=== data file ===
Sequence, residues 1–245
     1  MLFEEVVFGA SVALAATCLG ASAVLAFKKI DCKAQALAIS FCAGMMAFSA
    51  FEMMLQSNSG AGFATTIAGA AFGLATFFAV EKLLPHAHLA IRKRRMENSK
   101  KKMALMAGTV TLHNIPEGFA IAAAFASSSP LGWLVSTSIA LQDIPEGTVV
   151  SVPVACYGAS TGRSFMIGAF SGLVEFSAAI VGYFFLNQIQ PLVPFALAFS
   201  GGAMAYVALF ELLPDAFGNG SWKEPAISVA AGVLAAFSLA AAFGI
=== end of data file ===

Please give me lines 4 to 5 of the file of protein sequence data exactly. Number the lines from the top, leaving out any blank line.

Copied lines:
   101  KKMALMAGTV TLHNIPEGFA IAAAFASSSP LGWLVSTSIA LQDIPEGTVV
   151  SVPVACYGAS TGRSFMIGAF SGLVEFSAAI VGYFFLNQIQ PLVPFALAFS